During coronavirus pandemic, can you be arrested for violating social distancing orders?

Simply put, yes. But people are typically more likely to receive fines, summonses rather than ending up in handcuffs

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Social distancing has become a part of everyday life as the public adjusts to best practices for getting through the novel coronavirus pandemic.

The practice of standing at least six feet from others to prevent the transmission of the virus has been regularly recommended by officials from the Centers for Disease Control and Prevention and the White House as the nation learns more about its devastating effects.

And officials from governments in most parts of the United States, have asked the public to do so to curb the spread and, in turn, flatten the curve.

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Couple eats lunch at Falcone's Pizzeria on May 1, 2020, in Oklahoma City, as restaurants are allowed to open for in-person dining. Tables are taped off to promote social distancing. (AP Photo/Sue Ogrocki)

But can someone be arrested for failing to follow social distancing guidelines?

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Simply put, yes. But people are typically more likely to receive fines or summonses rather than ending up in actual handcuffs.

The New York Police Departmen, which is the largest police force in the country, announced in the beginning of May that the city had issued 374 summonses between March 16 and May 5 “for acts likely to spread disease and to violate emergency measures.”

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According to the department:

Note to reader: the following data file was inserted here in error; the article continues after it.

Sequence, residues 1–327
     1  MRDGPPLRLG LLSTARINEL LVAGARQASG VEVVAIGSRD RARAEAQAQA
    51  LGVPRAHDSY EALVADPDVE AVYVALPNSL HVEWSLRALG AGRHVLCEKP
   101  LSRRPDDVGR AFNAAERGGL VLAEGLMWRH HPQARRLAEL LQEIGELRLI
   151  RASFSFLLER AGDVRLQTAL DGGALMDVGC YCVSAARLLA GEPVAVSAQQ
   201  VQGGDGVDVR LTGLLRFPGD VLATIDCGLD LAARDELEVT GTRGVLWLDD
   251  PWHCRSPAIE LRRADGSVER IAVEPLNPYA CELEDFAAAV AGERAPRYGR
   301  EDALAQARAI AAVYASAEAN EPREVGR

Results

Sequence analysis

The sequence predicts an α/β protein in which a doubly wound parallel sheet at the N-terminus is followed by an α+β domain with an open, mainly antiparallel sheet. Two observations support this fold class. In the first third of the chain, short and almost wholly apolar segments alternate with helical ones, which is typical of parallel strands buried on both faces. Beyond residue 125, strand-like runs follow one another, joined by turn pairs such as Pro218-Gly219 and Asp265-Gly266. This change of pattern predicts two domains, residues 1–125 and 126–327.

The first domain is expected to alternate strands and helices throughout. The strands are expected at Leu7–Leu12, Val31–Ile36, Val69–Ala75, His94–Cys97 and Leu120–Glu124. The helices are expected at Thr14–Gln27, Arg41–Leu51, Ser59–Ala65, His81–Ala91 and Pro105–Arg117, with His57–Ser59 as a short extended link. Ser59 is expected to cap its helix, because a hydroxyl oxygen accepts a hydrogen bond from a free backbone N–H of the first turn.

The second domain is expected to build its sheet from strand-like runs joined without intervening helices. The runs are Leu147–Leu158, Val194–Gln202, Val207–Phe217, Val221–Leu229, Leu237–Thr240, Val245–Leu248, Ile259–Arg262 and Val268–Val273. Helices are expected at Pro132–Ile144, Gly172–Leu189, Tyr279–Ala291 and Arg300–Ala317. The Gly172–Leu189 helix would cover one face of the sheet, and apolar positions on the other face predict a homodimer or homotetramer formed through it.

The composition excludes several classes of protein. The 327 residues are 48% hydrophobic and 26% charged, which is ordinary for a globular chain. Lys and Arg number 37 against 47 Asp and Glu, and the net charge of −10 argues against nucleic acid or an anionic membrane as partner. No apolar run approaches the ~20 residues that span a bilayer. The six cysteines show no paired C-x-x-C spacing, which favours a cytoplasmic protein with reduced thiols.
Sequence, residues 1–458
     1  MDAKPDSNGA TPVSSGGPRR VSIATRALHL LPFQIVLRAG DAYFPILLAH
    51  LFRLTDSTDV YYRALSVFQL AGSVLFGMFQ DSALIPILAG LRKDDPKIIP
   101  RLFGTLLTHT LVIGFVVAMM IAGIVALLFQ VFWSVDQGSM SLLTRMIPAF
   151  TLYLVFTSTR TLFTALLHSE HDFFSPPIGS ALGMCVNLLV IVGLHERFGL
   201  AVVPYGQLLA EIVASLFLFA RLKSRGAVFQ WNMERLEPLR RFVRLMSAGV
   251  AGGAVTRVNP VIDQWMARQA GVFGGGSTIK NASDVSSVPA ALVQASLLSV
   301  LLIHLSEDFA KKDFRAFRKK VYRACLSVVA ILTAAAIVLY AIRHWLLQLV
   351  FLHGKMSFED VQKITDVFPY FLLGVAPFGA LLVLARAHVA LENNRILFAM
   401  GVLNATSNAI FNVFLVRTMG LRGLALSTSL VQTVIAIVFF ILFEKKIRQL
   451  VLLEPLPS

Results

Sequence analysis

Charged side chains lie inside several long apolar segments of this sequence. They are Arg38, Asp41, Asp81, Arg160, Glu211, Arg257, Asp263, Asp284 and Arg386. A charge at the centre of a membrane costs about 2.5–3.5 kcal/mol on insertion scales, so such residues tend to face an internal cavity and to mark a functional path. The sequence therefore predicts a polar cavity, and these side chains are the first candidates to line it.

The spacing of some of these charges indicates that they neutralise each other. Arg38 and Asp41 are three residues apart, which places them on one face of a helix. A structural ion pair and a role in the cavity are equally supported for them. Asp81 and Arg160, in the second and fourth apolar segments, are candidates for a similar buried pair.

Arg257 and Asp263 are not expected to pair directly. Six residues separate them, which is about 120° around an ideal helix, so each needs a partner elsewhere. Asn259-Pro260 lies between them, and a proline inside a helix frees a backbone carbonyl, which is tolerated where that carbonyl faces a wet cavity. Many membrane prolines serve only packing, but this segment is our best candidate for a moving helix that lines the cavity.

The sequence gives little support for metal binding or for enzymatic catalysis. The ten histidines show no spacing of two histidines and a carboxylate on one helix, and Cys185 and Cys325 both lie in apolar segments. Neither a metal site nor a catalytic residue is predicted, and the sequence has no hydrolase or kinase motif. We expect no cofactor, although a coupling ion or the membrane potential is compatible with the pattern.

• 163 of the summonses issued citywide stemmed from 17 “social gathering incidents”
  • 206 summonses were issued in Brooklyn, including 121 that stemmed from 12 “social gatherings”
  • 99 summonses were issued in the Bronx, including 42 that stemmed from five gatherings

And at the end of March, New York City Mayor Bill de Blasio announced the NYPD would be issuing fines of up to $500 for failure to do practice social distancing.

A sign reminding people about "social distancing" in the midst of the COVID-19 coronavirus outbreak stands next to a roadway in North Vancouver, Canada, in March 2020. (Jonathan Hayward/The Canadian Press via AP)

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But police did not only issue summonses or fines.

The department's officers arrested 40 people for failure to practice social distancing in Brooklyn, according to a New York Times report that highlighted the racial disparity in the arrests 35 of the 40 people arrested were reportedly African American.

De Blasio acknowledged in a related tweet that the NYPD is using arrests and summonses as a way of “saving lives” during the COVID-19 pandemic.

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And in Maryland, nearly three dozen people had been arrested by mid-April for allegedly failing to follow social distancing orders, according to Fox 5 DC.

Similar reports have cropped up throughout the country.

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